The false dichotomy of Islamophobia

Massimo Pigliucci in Scientia Salon:

N_15651_1A false dichotomy is a basic type of informal logical fallacy, consisting in framing an issue as if there were only two choices available, while in fact a range of nuanced positions may be on offer upon more careful reflection. While I have argued together with my colleagues Maarten Boudry and Fabio Paglieri that often so-called logical fallacies turn out to be pretty reasonable heuristic strategies [1], there are nonetheless plenty of instances were they do identify truly bad reasoning. I have recently discussed one such case in reference to so-called trigger warnings in the context of college classes [2], but another one is arguably represented by the never ending “debate” about Islamophobia.

It is easy to find stark examples of people defending what appear to be two irreconcilable positions about how to view Islam in a post-9/11 world. For the sake of discussion, I will bypass pundits and other pseudo-intellectuals, and use instead two comedians as representative of the contrasting positions: Jon Stewart [3] and Bill Maher [4].

Before proceeding I must acknowledge that while I’ve liked Stewart for a long time, and followed with pleasure his evolution from being solely a comedian to a savvy social commentator during his run at the Daily Show [5], my appreciation of Maher has slid further and further. I used to like his brusque style back when he was doing his “Politically Incorrect” show, first on Comedy Central, then on ABC [6]. I was aghast when ABC (allegedly) let him go because he had dared to make the truly politically (but clearly correct) statement that the 9/11 hijackers could properly be labelled with a number of negative epithets, but that cowards wasn’t one of them. But then he made his Religulous movie [7], where he slid into crass new atheism-style “criticism” of religion, and finally came out as an anti-vaxxer all the while chastising some of his guests who were “skeptical” of climate change for being anti-science.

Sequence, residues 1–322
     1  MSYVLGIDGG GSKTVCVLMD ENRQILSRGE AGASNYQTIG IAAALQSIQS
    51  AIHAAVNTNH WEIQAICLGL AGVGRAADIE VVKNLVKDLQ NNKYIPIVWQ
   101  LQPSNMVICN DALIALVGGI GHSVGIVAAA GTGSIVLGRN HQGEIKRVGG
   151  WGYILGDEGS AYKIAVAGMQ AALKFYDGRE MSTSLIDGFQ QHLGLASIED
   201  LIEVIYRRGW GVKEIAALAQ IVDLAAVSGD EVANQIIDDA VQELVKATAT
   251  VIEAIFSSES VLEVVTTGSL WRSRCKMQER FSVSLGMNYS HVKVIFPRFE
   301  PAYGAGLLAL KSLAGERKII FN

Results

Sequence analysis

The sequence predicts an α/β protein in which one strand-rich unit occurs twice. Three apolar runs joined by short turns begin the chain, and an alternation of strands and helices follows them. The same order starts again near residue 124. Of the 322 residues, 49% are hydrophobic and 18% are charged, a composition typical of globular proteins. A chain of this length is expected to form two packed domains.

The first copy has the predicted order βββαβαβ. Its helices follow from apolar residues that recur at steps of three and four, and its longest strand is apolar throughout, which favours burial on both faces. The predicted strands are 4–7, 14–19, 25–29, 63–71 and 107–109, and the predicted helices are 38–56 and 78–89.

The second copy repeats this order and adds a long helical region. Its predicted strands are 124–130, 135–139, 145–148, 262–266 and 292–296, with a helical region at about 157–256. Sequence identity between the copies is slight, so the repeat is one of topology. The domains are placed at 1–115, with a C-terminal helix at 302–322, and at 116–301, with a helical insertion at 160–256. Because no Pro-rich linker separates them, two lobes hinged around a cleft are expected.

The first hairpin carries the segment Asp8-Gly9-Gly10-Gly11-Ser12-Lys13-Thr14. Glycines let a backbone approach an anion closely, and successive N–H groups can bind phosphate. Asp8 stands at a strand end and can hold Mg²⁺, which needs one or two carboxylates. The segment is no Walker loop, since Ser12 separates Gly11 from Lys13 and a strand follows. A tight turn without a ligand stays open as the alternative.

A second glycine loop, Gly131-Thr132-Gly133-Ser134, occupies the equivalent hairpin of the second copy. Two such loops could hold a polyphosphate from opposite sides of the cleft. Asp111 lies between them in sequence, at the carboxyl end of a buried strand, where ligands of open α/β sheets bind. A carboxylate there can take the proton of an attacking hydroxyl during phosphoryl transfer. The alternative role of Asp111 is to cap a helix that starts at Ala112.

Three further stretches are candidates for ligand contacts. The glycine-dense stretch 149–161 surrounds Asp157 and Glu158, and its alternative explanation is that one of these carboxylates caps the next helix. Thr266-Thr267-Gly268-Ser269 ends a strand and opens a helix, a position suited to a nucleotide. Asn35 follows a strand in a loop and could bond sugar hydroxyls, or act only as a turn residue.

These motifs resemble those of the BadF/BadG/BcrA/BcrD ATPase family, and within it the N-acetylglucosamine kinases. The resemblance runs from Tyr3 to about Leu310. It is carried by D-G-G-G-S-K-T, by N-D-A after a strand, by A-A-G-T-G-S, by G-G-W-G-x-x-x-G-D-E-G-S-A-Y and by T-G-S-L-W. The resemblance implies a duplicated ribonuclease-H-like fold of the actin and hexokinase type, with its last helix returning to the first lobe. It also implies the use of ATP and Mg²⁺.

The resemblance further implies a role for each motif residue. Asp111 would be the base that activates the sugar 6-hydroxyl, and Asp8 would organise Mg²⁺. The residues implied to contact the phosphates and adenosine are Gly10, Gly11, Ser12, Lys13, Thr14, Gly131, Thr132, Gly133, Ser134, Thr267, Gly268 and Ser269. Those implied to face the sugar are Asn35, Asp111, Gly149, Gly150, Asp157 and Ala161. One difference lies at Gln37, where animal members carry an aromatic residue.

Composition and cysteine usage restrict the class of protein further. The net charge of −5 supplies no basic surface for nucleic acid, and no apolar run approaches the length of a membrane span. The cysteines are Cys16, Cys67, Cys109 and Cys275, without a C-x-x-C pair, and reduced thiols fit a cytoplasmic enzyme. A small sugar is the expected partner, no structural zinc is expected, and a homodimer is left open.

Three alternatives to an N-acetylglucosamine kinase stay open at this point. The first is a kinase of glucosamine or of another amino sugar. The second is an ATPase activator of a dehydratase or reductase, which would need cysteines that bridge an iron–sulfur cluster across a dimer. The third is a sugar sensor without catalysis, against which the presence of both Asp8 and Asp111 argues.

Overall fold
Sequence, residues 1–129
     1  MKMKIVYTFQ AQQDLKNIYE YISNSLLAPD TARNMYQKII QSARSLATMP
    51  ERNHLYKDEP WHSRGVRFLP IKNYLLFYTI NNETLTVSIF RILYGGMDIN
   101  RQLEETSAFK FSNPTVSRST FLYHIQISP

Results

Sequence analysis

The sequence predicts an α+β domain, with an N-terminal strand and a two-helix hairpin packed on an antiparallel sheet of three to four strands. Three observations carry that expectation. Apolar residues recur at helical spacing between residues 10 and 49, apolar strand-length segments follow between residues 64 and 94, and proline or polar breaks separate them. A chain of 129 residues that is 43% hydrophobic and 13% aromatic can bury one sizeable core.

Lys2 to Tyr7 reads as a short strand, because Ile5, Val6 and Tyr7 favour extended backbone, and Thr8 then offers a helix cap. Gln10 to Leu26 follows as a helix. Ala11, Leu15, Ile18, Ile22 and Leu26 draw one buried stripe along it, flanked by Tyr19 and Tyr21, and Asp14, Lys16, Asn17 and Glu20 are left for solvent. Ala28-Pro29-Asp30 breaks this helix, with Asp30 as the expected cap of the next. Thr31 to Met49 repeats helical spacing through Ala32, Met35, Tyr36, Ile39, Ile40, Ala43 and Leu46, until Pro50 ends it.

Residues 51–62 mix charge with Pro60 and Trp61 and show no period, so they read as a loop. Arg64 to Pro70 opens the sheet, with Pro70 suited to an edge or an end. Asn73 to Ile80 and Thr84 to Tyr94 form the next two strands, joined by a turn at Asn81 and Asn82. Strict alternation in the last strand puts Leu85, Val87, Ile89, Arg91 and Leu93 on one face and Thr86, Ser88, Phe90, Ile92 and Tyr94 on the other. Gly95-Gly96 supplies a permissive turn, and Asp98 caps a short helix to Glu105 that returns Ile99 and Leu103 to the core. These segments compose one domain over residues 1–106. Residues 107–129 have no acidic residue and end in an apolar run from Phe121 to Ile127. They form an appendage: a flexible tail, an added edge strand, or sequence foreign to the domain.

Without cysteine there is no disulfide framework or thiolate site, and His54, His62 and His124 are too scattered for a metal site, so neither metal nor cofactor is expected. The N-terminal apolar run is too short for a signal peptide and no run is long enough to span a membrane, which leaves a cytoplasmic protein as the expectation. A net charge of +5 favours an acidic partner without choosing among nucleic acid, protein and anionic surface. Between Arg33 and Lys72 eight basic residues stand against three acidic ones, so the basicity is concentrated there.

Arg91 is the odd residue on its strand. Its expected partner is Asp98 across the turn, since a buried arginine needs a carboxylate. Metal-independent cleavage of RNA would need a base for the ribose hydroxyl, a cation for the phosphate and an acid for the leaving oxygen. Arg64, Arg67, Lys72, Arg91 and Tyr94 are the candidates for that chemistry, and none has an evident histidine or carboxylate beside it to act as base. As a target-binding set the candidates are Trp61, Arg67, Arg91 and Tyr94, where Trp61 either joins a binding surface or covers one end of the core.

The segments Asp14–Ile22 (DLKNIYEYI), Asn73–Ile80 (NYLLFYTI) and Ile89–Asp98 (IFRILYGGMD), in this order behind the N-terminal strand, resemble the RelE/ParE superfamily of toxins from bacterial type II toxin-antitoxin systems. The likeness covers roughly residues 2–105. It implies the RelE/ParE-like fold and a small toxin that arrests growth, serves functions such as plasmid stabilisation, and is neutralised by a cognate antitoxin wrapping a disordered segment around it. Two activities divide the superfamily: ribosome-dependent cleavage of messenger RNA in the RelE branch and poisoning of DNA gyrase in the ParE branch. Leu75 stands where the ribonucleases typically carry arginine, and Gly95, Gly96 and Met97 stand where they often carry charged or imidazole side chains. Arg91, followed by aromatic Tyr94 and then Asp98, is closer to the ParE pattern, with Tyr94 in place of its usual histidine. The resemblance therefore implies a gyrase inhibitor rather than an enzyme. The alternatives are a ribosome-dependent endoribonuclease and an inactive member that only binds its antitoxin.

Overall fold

More here.